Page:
July 10, 2012

Yankton Sioux Tribe of South Dakota


The Yankton Sioux Tribe of South Dakota is a federally recognized tribe of Yankton Western Dakota people, located in South Dakota. 

Official Tribal Name: Yankton Sioux Tribe of South Dakota

Address:  PO Box 1153, Wagner, SD 57380
Phone:  (605) 384-3641
Fax:  (605) 384-5687

Official Website: 

Recognition Status: Federally Recognized

Region: Great Plains

State(s) Today: South Dakota

Traditional Territory:

Confederacy: Great Sioux Nation


 The Treaty of Washington was signed April 19, 1858.

Reservation: Yankton Reservation

Yankton Reservation; part of Charles Mix County, South Dakota
Land Area:  Approximately 40,000 acres
Tribal Headquarters:  Wagner, SD
Time Zone:  Central

Traditional Name / Traditional Meaning:

Division: Yankton
Bands: Ihanktonwan
Ihanktonwan Dakota Oyate, meaning “People of the End Village.”

Common Name:

Yankton Sioux,

Meaning of Common Name:

Dakota is commonly reported to mean “friend or ally” in English. This is actually incorrect. The real definition of Lakota is “those who consider themselves kindred.” The Da syllable in Dakota means “like (or related) [to Lakota].”

Dakotah derives from the word ‘WoDakotah,” meaning “harmony – a condition of being at peace with oneself and in harmony with one another and with nature. A condition of lifestyle patterned after the natural order of nature.”

See this detailed explanation of Sioux Names.

Alternate names / Alternate spellings:

Name in other languages:

Population at Contact:

Registered Population Today:

3,500 enrolled members 

Tribal Enrollment Requirements:

Genealogy Resources:


Charter:  None; Constitution and Bylaws: Yes – non-IRA
Name of Governing Body:  Yankton Sioux Tribal Business and Claims Committee
Number of Council members:   5 committee members
Dates of Constitutional amendments: March 20, 1975
Number of Executive Officers:  4 – Chairman, Vice-Chairman, Secretary, Treasurer


2 year terms, elections are not staggered.

Language Classification:

Language Dialects:


Number of fluent Speakers:



Bands, Gens, and Clans

Assiniboine Band
Sioux divisions, tribes, and bands

Related Tribes:

The Great Sioux Nation is actually made up of 18 separate tribes, or bands in the US, and 12 in Canada. These are divided into three language divisions: the Lakota Sioux, Dakota Sioux, and the Nakota Sioux. Each division speaks a different, but similar, Siouan language dialect. While the languages are slightly different dialects, this is not a political division, and the culture of all three groups is basically the same, except for language.There are also numerous subdivisions of the Sioux tribe, some included in the three main Siouan language division bands, and some recognized now as tribes separate from the Sioux Nation.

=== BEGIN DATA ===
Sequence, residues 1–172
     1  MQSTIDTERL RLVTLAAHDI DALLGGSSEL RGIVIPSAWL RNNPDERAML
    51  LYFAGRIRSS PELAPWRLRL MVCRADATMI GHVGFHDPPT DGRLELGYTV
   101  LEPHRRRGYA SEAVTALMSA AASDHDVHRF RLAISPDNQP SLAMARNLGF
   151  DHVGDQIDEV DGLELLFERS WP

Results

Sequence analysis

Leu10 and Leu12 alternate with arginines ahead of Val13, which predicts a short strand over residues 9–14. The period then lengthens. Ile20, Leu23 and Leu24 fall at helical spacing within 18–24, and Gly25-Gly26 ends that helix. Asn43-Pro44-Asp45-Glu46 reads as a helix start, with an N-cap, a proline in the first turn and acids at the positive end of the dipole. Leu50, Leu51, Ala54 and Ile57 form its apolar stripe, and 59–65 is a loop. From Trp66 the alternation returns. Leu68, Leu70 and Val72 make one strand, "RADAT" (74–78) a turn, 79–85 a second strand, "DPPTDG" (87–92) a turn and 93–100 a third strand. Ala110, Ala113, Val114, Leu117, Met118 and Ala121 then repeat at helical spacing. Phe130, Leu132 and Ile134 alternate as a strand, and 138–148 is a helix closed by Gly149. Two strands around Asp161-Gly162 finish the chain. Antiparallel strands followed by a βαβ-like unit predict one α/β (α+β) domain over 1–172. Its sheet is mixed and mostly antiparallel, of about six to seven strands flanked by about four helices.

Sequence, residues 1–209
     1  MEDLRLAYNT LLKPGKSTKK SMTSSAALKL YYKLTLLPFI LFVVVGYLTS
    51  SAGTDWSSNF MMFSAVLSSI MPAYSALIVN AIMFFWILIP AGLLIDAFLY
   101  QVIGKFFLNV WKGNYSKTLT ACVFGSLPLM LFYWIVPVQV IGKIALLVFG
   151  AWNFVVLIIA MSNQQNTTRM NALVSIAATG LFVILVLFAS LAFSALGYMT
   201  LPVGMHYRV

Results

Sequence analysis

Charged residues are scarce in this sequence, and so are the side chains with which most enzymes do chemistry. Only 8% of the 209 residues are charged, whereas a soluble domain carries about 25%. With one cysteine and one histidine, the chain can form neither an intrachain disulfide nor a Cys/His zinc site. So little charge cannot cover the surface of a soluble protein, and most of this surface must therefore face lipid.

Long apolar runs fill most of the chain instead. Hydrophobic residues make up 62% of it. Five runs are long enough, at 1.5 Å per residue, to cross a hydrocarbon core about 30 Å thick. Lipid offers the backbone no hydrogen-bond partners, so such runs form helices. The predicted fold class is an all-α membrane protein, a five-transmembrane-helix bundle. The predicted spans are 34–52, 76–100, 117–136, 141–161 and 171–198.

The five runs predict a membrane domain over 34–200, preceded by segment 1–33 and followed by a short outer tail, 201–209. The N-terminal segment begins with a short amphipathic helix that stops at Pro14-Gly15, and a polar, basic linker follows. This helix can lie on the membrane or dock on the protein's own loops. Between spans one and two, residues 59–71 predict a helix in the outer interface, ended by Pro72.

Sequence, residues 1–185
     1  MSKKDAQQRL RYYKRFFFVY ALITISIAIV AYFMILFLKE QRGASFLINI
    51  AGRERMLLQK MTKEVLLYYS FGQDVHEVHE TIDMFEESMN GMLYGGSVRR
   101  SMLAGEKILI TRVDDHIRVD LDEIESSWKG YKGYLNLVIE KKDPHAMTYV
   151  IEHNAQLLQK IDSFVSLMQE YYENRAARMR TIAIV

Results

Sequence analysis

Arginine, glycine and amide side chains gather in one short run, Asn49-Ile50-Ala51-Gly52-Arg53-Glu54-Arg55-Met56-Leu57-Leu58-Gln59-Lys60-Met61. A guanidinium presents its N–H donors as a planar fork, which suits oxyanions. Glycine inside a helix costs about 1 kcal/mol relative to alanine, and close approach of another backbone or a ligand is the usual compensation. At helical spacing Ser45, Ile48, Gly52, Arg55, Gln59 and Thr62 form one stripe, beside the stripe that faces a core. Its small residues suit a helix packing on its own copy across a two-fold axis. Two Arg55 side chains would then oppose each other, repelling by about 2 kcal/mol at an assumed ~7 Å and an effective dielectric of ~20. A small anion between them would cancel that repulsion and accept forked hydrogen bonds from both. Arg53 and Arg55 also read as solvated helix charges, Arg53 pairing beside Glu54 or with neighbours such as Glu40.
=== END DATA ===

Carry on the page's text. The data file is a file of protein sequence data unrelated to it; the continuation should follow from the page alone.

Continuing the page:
Related Groups who are now recognized as tribes separate from the Sioux:

Biloxi Indians
Cape Fear Indians
Cheraw Indians
Congaree Indians
Hidatsa Indians
Kansa Indians
Mahpekute Indians
Missouri Indians
Occaneechi Indians
Oohenonpa Indians
Sissipahaw Indians
Sugeree Indians
Waccamaw Indians
Wateree Indians
Waxhaw Indians
Woccon Indian

Traditional Allies:

Traditional Enemies:

Ceremonies / Dances:

Modern Day Events & Tourism:

Legends / Oral Stories:

Create your own reality
Lakota Star Legends
Legend of the Talking Feather
The End of the World according to Lakota legend
The Legend of Devil’s Tower
The White Buffalo Woman
Tunkasila, Grandfather Rock
Unktomi and the arrowheads 

Art & Crafts:


Bison was the most important food souce before they went onto the reservation. The tribe maintains a free-ranging bison herd today. 




Economy Today:

Major Employers: Fort Randall Casino, Indian Health Service, tribal office, Bureau of Indian Affairs, Marty Indian School. The tribe owns and operates the Fort Randall Casino and Hotel in Pickstown, South Dakota, as well as Lucky Lounge and Four Directions Restaurant.

Religion & Spiritual Beliefs:
The Sioux Drum

Burial Customs:

Wedding Customs

Tribal College:  Marty Indian School

Sioux Chiefs & Famous People::

Long Fox-To-Can-Has-Ka,
Padaniapapi (Struck-by-The-Ree)
– According to local legend, when Meriwether Lewis learned that a male child had been born near the expedition’s encampment in what is today southeastern South Dakota, he sent for the child and wrapped the new born baby boy in an American flag during the council at Calumet Bluff in late August 1804. Lewis declared the baby an American. This boy grew up to become a headman (chief) of the Ihanktonwan Dakota (Yankton Sioux), known as Struck By-the-Ree. However, the journals of the expedition make no mention of this incident.

Struck-by-the-Ree and several other headmen journeyed to Washington, D.C., in late 1857 to negotiate a treaty with the federal government. For more than three and a half months, they worked out the terms of a treaty of land cession. The Treaty of Washington was signed April 19, 1858.

Returning from Washington, Padaniapapi (Struck-by-The-Ree) told his people, “The white men are coming in like maggots. It is useless to resist them. They are many more than we are. We could not hope to stop them. Many of our brave warriors would be killed, our women and children left in sorrow, and still we would not stop them. We must accept it, get the best terms we can get and try to adopt their ways.”

Arthur Amiotte, (Oglala Lakota)-Painter, Sculptor, Author, Historian  

Bryan Akipa, flutist (Sisseton-Wahpeton Oyate)

Catastrophic Events:

Tribe History:

Descendants Remember Battle of Little Big Horn 

In the News:

Further Reading:


US Tribes W to Z
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